- Bosnia and Herzegovina
- All Balkan Countries
The second son of Britain's heir to the throne spent Easter in his father's rural Transylvanian retreat - his first visit to Romania.
The first private visit of Britain’s Prince Harry to Romania - to a village in Transylvania during the Easter break - stirred media frenzy in Romania and abroad, again prompting some of the usual stereotypes that Transylvania is associated with.
“Transylvania, the land where bear and wolves roam wild”, “homeland of cousin Dracula”, “unspoiled landscapes and ancient traditions” were among the most used phrases about the region where Harry stayed over Easter.
Miclosoara and Viscri, the villages where the Prince spent the weekend, are indeed picturesque villages, with old houses near the forest, extensive flower meadows and mineral springs.
But there is sadly no connection between this region and the land associated with Dracula.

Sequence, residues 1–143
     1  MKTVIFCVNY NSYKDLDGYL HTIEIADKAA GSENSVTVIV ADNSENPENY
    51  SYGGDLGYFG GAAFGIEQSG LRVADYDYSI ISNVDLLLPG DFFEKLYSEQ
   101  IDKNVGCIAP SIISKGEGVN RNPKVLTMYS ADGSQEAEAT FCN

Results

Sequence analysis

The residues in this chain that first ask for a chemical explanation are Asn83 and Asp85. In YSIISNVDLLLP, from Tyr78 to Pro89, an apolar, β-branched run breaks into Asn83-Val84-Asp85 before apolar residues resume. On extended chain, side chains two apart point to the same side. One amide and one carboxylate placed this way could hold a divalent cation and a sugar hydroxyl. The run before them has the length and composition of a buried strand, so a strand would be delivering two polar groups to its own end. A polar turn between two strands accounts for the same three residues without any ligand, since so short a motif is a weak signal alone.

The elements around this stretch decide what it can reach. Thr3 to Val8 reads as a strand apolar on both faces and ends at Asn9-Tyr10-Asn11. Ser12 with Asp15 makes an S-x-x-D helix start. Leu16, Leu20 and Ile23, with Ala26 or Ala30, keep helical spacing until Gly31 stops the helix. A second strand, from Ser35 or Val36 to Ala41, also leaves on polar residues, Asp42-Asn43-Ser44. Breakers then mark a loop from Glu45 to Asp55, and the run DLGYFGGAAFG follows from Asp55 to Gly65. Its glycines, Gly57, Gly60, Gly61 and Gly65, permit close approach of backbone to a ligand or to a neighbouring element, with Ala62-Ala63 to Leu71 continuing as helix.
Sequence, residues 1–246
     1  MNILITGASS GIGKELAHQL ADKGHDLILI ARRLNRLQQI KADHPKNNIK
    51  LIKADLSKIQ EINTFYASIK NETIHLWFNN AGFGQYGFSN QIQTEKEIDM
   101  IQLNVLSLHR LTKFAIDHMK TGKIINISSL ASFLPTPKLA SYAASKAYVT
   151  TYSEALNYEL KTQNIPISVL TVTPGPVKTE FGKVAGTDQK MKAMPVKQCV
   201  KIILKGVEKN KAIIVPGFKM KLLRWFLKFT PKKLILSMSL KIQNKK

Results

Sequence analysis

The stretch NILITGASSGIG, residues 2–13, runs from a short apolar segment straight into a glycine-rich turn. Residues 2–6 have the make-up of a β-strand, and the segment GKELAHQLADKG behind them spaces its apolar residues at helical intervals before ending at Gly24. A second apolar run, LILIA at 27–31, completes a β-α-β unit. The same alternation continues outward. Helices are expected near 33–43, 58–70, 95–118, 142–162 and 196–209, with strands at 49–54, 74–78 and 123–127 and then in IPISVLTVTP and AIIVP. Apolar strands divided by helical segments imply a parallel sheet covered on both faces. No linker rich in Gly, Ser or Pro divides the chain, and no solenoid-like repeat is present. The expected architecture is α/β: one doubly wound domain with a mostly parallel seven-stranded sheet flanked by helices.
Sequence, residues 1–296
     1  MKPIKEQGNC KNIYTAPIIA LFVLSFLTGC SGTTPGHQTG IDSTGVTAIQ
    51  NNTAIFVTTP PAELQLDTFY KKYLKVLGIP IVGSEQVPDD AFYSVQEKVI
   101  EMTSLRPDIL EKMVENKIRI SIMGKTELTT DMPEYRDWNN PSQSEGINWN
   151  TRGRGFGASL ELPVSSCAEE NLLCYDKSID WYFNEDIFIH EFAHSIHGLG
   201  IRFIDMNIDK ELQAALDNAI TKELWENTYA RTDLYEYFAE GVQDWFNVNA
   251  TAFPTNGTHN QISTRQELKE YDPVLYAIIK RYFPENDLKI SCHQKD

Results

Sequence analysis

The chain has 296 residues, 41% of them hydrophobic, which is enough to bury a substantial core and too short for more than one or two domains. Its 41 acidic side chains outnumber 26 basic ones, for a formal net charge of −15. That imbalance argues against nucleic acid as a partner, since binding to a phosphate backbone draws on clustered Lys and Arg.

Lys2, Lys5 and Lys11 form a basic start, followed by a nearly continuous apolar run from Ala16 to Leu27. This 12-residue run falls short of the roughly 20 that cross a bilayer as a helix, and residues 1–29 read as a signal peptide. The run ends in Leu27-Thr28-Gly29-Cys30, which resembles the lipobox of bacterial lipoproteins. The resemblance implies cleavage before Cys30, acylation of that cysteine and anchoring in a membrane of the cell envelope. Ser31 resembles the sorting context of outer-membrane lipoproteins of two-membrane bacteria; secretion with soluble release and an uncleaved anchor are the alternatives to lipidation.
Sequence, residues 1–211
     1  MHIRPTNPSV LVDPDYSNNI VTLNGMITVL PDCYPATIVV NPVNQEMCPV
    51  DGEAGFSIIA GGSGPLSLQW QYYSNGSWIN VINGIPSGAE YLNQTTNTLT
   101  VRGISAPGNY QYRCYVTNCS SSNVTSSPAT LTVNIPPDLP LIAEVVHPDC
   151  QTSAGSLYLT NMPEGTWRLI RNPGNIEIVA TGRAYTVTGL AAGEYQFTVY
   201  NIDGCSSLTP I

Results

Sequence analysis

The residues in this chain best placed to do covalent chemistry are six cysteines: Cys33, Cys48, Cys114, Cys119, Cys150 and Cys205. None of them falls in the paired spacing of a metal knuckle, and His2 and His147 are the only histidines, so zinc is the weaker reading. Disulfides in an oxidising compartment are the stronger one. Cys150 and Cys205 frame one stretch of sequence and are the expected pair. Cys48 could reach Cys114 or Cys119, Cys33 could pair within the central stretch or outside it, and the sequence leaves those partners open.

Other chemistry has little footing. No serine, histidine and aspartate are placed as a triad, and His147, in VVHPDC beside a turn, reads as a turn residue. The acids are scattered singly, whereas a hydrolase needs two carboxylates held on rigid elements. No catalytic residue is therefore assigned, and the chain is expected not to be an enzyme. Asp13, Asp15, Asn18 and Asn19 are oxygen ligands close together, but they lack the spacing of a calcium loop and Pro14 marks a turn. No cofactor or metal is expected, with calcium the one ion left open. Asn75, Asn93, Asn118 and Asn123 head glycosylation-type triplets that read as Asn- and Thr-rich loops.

Two 16th-century guesthouses in the above mentioned villages were bought some time ago by Prince Charles, who uses them as vacation retreats.
The Prince of Wales has joked that as a descendent of Vlad the Impaler, the real-life ruler who inspired Bram Stoker's fictional Count Dracula the Vampire, he has “a bit of a stake in the country”.
According to Romanian media, Harry, 27, was spotted riding a motorbike across snowy fields, and later sampled some fiery local plum brandy. He left for England late on Monday.
Transylvania and surrounding Carpathians are among the last remaining unspoilt environments in Europe.
The mountains are home to more than 1,200 plant species, but also to many animal species long driven out of other areas of Europe by industrialisation and modern life, such as as brown bear, lynx and the wolf. Its 2,500-metre-high peaks are also home to rare eagles and many other wild birds.
Romania still has large forests in and beyond the Carpathians. It is home to about 65 per cent of the virgin forests still remaining in Europe, outside Russia.
They are mainly situated in the mountainous Carpathian region, but only 20 per cent of these old forests are protected by law by being included in national parks.
To keep its reform policy credible for investors, the government must find common ground with the IMF and look for a new arrangement, experts say.